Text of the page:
Seven Basic Ways To Avoid Failing Online Content Marketing
Seven Basic Ways To Avoid Failing Online Content Marketing
No doubt The marketing trend of the year is content marketing, and may be you’ve probably been busting your hump to push out blog posts and other content as fast as you can. Now you have an inventory of content, but for some reason it just won’t take off. You aren’t alone in this, and don’t beat yourself up.
Instead, start with an objective review of what content is working and what is not. But before you audit your own work, make sure you know what to dig for. There are many ways to succeed or fail at content marketing. Let’s look at some of the most common ways to fail at content marketing and how you should re-evaluate.
1. The Overuse of Buzz Words
Most corporate types take pride in using popular marketing buzz words. While that might be fine for in-house meetings, unless you are targeting people just like you it is important to limit marketing buzz words this way.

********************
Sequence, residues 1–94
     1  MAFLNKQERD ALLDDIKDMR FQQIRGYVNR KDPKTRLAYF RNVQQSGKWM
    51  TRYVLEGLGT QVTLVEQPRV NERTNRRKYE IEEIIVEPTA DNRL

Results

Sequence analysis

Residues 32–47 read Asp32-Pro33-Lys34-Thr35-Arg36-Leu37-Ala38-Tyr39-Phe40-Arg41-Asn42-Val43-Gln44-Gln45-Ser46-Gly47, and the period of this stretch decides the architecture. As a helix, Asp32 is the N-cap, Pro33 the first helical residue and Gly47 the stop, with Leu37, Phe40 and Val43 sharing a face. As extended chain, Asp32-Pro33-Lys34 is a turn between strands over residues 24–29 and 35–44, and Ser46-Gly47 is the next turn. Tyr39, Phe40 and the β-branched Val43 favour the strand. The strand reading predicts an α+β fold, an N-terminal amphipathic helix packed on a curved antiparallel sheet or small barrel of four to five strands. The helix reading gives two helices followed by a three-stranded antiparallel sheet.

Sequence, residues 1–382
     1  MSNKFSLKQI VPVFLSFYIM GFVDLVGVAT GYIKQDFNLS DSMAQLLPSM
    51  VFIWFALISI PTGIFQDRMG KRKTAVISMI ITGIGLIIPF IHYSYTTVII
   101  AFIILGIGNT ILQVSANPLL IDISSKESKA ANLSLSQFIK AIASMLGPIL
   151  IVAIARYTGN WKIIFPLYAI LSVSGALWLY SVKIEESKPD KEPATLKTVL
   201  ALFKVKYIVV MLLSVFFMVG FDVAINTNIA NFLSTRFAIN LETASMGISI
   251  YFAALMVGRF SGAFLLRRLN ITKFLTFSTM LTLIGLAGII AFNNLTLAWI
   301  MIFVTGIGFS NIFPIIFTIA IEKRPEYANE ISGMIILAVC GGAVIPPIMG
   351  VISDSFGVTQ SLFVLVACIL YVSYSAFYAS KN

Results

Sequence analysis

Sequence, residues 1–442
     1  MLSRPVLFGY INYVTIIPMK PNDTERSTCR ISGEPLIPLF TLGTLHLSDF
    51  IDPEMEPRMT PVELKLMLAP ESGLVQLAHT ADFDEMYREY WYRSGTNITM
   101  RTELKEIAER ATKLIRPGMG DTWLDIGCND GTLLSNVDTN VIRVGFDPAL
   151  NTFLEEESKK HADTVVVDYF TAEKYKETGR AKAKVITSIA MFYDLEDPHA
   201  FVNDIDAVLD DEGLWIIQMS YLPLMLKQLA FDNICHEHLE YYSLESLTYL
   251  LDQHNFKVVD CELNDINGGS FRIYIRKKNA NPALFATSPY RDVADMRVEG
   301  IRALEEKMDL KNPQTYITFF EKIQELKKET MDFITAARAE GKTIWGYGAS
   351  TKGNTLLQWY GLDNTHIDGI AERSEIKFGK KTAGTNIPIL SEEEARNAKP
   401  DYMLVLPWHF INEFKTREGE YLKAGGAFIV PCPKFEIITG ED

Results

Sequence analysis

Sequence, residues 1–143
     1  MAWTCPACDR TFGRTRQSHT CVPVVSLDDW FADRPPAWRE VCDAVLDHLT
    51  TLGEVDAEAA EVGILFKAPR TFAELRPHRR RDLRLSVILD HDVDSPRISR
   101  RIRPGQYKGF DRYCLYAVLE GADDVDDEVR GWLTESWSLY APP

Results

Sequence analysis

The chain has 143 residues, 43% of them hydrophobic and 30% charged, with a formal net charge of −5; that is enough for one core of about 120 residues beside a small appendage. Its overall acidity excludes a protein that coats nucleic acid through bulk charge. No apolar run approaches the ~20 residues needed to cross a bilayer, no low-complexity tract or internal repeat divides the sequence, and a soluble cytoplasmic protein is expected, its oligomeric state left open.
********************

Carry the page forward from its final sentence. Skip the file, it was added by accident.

Having marketed to a variety of audiences, I found that most of them are turned off by buzz speak. It is especially crucial to avoid them if you target IT , engineers, pros, or other technical audiences, lest you open yourself up to mockery. Now What do I mean by marketing buzz words? Here are six of the biggest annoyers.
- Game Changer
- Think Outside the Box
- Leverage (used as a verb)
2. The( Being a Know-it-All)
One thing people hate the most, it’s a know it all. Don’t take me wrong! This isn’t a condemnation of being smart or an expert in your field. If you are knowledgeable in a particular subject, most of readers are completely open to your thoughts and expertise.
But There is a big difference between being smart and being haughty. You can easily embrace or alienate readers with the wrong tone or word usage.
I’m always amazed to read blog posts that stake a claim to a point (good), and turn around to say “I dare you to challenge me on it” (not a good philosophy). But Instead, make your point but stay open to opinions and information from others.
sometimes I write posts aimed at striking down fallacies, but always including a disclaimer that “if you know something I do not, I’m all ears”. I always respect a writer who is willing to reconsider their stance if presented with a good counterargument. It shows that they are more interested in getting it right than being right at all times.
Always Feel free to educate your readers, but avoid insulting them. That should be a natural common sense
3. The Making of Big Claims Without a Proof
To me, the greatest things about content creation is that you get to soapbox. Opinions are great, but as the old adage goes, everybody has one. Readers want more proof than one person’s gut instinct, Right?